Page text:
9:55 am - December 28th 2009
On Christmas Eve, a time ostensibly meant for peace & goodwill, the New York Times ran an epic op-ed arguing for military action to prevent Iran from acquiring nuclear technology. Should you have the stomach to endure Alan Kuperman’s belch of war-baiting, you can go here; it’s some real Deck The Halls shit.
Because I’m not particularly interested in the substance of Kuperman’s argument (there are already some excellent rebuttals by the likes of Marc Lynch & Matt Duss), I’m instead going to note Stephen Walt’s reaction. For Walt, this is but the opening salvo of a concerted campaign to pressure President Obama into taking military action. He warns that opponents of this action should start refining their arguments now because the march for war may soon become a deafening din.
Now, Walt does occasionally overstate things, but it’s still true that for as long as the diplomatic wrangling continues, the media will continue to give space to those who’re keen to tell us what to bomb when (not if) it all fails. So I think it’s worth reflecting on what kind of shape our side of the debate is in, and to be honest, I think we could use some work.
There’s definitely a tendency to blithely assume that advocates for military action are just raving mad Bush-era leftovers who never stopped to acknowledge how their rabid war-mongering has diminished both America’s economic prosperity and its effectiveness as an international actor. Whilst that’s true in many cases, although the pro-bombing crowd has the weaker argument, it could still have the winning argument.
First, opponents of military action should acknowledge that the negotiations/sanctions tactic might fail & that Iran might succeed in developing a nuclear deterrent. When people like Kuperman accuse us of ‘appeasement’, it’s partly because we write as though negotiations will end the diplomatic stand-off. That could happen, but I’m not betting any money on it.
So we should write with the assumption that Iran could one day have a nuclear deterrent, and that even if that day came, bombing would remain a bad idea.
To do this, there are four arguments: that a strike would have negative consequences for the US & its allies; that it would stoke massive instability in the region; and deal a damaging blow to whatever remains of the green revolution.
The fourth argument is that Iran is a rational player in international politics, and that building a bomb doesn’t mean they will use it. That last one’s going to be the toughest for folks to accept.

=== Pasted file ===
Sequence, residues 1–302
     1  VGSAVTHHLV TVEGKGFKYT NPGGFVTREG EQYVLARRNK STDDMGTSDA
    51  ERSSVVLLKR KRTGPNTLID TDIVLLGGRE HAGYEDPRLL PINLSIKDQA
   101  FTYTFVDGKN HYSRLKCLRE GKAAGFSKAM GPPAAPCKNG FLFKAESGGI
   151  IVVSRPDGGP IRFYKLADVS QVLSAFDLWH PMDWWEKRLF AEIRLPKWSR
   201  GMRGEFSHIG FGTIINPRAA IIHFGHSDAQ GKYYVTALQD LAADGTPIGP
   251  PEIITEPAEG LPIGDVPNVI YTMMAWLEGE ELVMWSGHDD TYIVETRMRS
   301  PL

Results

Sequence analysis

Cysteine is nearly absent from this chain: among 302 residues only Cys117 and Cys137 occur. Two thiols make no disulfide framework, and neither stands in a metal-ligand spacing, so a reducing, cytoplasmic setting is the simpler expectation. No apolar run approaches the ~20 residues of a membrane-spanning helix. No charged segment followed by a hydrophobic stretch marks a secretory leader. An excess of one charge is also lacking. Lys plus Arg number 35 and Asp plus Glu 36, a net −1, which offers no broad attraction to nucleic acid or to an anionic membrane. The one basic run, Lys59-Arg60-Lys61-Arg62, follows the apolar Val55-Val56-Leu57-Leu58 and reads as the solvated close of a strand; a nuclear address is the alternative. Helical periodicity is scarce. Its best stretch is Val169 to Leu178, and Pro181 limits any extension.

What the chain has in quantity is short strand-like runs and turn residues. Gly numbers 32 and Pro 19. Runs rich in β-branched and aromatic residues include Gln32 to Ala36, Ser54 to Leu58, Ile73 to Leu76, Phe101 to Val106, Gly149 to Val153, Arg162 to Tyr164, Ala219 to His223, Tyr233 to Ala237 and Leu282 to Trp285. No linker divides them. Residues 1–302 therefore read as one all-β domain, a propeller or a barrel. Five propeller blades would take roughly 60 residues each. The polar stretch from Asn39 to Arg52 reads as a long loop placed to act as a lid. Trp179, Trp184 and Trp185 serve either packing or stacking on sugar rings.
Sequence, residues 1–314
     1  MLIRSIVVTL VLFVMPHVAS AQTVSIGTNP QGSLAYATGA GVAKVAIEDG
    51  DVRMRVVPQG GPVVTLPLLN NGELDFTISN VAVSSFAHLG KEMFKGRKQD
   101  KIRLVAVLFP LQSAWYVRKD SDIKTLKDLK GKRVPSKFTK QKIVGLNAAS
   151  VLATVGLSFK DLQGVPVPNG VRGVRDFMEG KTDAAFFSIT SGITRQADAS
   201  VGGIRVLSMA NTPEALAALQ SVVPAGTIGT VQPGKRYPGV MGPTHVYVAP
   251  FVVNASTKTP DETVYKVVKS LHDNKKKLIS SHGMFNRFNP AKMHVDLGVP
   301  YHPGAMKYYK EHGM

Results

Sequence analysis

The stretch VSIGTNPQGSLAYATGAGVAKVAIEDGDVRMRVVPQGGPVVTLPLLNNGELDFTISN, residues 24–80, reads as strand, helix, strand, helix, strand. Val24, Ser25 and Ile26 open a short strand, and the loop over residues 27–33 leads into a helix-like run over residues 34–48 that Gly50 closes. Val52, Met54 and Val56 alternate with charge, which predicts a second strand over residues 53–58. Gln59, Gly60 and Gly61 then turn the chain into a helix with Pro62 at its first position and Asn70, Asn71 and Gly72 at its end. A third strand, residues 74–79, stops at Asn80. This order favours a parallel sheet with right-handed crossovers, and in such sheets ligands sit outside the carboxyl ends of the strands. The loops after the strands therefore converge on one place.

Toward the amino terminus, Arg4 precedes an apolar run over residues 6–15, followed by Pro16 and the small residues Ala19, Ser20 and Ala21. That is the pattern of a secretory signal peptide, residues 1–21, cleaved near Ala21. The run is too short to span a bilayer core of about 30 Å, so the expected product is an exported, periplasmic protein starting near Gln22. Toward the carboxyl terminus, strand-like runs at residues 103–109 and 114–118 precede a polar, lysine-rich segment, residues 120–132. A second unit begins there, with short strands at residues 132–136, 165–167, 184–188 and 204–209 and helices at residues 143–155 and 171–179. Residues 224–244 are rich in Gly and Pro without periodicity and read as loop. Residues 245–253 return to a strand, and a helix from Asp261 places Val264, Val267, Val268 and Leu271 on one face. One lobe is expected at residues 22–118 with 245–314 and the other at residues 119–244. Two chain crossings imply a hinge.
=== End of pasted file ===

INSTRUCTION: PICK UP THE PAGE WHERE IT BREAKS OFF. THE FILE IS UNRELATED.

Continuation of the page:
If a country like Switzerland was in the process of building a bomb, there’d be few people flinching with fear. Sure, that’s partly because the Swiss are friendly, democratic & secular, but also because we assume they would adhere to the principle of Mutually Assured Destruction.
In contrast, one of the consequences of 9/11 and the ensuing war on terror is that it’s left the impression that Muslim states, societies & citizens have such a reflex for martyrdom that the principle of Mutually Assured Destruction has no weight. If this were true, then being hit with a retaliatory nuke would be a glorious event for it would further the jihad and bring the Iranian dead closer to Allah.
If people believe that the Iranians are prepared to use a nuclear weapon against Israel – or anyone else – then they’ll be much more amenable to the idea of making the first strike. The way we win the public debate is by demonstrating that whilst Iran may have a vile regime, it’s not being led by suicidal lunatics.
Sadly, I fear that might not be an easy argument to win.
Neil Robertson is a regular contributor to Liberal Conspiracy. He was born in Barnsley in 1984, and through a mixture of good luck and circumstance he ended up passing through Cambridge, Sheffield and Coventry before finally landing in London, where he works in education. His writing often focuses on social policy or international relations, because that's what all the Cool Kids write about. He mostly blogs at: The Bleeding Heart Show.
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Story Filed Under: Blog ,Foreign affairs ,Middle East ,Realpolitik ,United States
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